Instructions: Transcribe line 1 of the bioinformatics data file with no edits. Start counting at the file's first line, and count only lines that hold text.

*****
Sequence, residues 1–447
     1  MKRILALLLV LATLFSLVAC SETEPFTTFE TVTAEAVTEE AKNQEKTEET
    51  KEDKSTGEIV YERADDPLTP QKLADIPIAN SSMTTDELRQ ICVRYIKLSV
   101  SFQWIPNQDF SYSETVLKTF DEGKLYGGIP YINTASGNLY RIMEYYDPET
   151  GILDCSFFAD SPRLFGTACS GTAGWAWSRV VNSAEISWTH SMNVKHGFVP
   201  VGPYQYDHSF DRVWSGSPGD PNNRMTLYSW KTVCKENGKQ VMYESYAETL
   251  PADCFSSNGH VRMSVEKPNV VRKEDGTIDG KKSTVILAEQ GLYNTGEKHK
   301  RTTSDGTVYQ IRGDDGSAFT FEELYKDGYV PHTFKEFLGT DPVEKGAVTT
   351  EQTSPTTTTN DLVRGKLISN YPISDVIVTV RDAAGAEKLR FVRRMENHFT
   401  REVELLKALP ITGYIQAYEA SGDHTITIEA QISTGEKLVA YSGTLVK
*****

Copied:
Sequence, residues 1–447